We learn something interesting in the book of Daniel: after taking the Jewish people captive, Nebuchadnezzar of Babylon found it important to give some of them—specifically Daniel and his friends—new names. Daniel 1 tells us that "from among those of the sons of Judah were Daniel, Hananiah, Mishael, and Azariah. To them the chief of the eunuchs gave names: he gave Daniel the name Belteshazzar; to Hananiah, Shadrach; to Mishael, Meshach; and to Azariah, Abed-Nego" (vv. 6-7).

Nebuchadnezzar stole from every captive his most private possession: his own name. When he redesignated these captives, he took away their identity. Why was that? Because to a Jew, your name was your spiritual identity.

For instance, the Jewish name Daniel means God is my judge. But that was stripped from him and he was given the name Belteshazzar, which means bel protect the king. Bel was the generic term for lord; it could refer to any of the Babylonian gods. So any time someone spoke Daniel's new name, they were basically saying "god save the king." That was his new spiritual identity.

All of this was Nebuchadnezzar's attempt to conform the Jewish captives into the image of Babylon—the opposite of what Paul instructed us in Romans 12: "Do not be conformed to this world, but be transformed" (v. 2). The world is constantly trying to make you like they are, to conform you to their image. They work hard at that every day in every song you hear, every billboard you read, every value system that's passed in a court of law.

So what can you do? Dare to be like Daniel. We go on to read that "Daniel purposed in his heart that he would not defile himself with the portion of the king's delicacies, nor with the wine which he drank; therefore he requested of the chief of the eunuchs that he might not defile himself" (Daniel 1:8).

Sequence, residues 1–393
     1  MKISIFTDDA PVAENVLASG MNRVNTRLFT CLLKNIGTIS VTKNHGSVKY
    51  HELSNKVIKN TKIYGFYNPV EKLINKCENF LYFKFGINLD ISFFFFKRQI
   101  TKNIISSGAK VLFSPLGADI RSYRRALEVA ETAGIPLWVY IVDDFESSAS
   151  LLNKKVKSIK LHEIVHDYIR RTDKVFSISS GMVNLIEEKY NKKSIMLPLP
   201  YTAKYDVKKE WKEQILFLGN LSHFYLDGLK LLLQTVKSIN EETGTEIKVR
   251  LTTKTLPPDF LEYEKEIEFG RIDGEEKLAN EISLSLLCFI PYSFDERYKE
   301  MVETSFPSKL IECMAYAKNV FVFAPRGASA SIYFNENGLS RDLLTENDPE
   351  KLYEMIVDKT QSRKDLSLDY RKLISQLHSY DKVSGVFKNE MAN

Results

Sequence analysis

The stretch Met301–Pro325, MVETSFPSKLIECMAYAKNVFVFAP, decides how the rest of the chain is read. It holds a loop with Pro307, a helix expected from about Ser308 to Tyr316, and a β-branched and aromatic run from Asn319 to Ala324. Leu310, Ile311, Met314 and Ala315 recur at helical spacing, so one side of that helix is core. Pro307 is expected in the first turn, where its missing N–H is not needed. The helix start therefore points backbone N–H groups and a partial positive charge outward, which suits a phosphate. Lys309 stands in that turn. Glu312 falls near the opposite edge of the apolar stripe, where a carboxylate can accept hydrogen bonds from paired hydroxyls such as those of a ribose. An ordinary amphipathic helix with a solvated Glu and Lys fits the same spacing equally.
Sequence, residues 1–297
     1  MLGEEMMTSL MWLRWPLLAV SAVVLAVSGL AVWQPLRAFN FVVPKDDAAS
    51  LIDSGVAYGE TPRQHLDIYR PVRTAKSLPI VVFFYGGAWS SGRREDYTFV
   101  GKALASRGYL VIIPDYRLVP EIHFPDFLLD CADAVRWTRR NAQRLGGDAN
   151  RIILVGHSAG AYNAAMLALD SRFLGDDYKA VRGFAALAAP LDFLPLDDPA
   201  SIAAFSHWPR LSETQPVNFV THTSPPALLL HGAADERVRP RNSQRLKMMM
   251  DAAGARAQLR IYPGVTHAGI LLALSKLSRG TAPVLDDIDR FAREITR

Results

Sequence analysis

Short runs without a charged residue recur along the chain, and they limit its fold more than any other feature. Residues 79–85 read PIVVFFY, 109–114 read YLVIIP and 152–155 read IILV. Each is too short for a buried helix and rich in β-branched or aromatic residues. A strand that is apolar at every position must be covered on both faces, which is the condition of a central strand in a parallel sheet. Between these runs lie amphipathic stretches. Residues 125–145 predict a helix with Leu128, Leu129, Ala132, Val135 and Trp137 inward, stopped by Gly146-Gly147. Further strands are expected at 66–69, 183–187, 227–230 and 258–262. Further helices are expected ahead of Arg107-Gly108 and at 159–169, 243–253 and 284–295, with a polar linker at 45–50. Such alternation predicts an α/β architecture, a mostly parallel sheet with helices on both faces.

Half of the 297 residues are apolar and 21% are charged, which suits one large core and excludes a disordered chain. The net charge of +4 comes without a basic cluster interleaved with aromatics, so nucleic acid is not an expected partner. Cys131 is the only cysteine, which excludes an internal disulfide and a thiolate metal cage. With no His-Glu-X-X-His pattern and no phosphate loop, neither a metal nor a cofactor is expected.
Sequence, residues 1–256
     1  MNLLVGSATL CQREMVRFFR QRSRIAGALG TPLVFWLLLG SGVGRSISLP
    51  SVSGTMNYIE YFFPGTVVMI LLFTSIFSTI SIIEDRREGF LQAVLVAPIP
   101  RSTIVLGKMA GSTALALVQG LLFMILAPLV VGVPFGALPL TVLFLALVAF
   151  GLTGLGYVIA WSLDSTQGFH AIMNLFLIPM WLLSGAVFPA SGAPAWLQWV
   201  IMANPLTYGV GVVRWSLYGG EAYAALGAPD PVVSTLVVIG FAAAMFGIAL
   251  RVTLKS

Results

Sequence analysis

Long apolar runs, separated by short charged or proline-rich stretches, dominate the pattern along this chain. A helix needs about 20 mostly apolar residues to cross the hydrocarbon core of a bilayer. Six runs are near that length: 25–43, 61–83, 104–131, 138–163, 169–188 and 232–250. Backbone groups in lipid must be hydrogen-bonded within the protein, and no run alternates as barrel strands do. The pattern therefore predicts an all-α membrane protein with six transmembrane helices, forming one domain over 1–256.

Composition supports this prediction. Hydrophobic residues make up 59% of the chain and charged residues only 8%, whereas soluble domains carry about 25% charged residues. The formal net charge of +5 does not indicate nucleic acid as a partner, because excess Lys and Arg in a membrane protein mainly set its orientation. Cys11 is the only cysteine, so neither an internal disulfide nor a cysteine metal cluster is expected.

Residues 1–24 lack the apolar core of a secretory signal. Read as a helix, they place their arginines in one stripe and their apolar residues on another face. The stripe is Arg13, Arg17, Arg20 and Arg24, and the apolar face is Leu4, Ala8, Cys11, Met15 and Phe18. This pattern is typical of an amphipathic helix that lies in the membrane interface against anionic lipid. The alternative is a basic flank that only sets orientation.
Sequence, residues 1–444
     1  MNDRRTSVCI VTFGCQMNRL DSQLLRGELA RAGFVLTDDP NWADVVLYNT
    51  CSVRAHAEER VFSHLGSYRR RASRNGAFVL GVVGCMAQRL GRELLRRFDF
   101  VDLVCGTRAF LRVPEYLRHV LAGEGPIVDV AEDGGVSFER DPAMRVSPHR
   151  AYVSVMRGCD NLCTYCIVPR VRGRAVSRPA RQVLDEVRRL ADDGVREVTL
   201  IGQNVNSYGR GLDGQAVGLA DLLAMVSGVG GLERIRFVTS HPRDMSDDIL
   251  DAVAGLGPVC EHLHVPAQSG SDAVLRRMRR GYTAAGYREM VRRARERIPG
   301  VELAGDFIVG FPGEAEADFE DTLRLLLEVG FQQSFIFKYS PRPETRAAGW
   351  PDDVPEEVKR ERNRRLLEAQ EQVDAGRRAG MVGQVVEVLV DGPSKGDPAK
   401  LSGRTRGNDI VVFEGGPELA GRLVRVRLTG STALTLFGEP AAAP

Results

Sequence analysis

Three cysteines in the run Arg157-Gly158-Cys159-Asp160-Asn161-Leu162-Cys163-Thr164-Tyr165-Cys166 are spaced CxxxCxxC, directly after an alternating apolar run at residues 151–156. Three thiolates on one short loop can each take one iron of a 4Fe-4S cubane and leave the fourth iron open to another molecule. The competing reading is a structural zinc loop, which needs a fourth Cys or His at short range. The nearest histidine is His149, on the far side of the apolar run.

Daniel was no thermometer—he was a thermostat. He didn't go up and down depending on the temperature of the people around him. He'd walk into a room and boldly set the temperature.

The king could rename him, but Daniel refused to give in to the pampering and indulging that was meant to get the captive Jews thinking, Man, life is a lot better here in Babylon than it ever was in Jerusalem—maybe it really pays to live like this world. Daniel could have easily said, "Well, even if I ever do return to Judah, what happens in Babylon stays in Babylon." He could have made all sorts of excuses. "Why not indulge? Who's watching? Who cares?" But Daniel wasn't looking for an excuse because he was living with a purpose. He made an internal commitment. He purposed in his heart. You might say Daniel conquered inner space.

A couple years ago we celebrated the fiftieth anniversary of the moon landing. It's impressive that we can conquer outer space pretty well. Our big problem is we don't do so well with conquering our inner space. When it comes to your life—what's around you, all the ways the world tries to mold you into its image—the way to conquer that outer space is to first conquer your inner space, to live with conviction so that you don't fall into compromise. Why not commit to doing that today?

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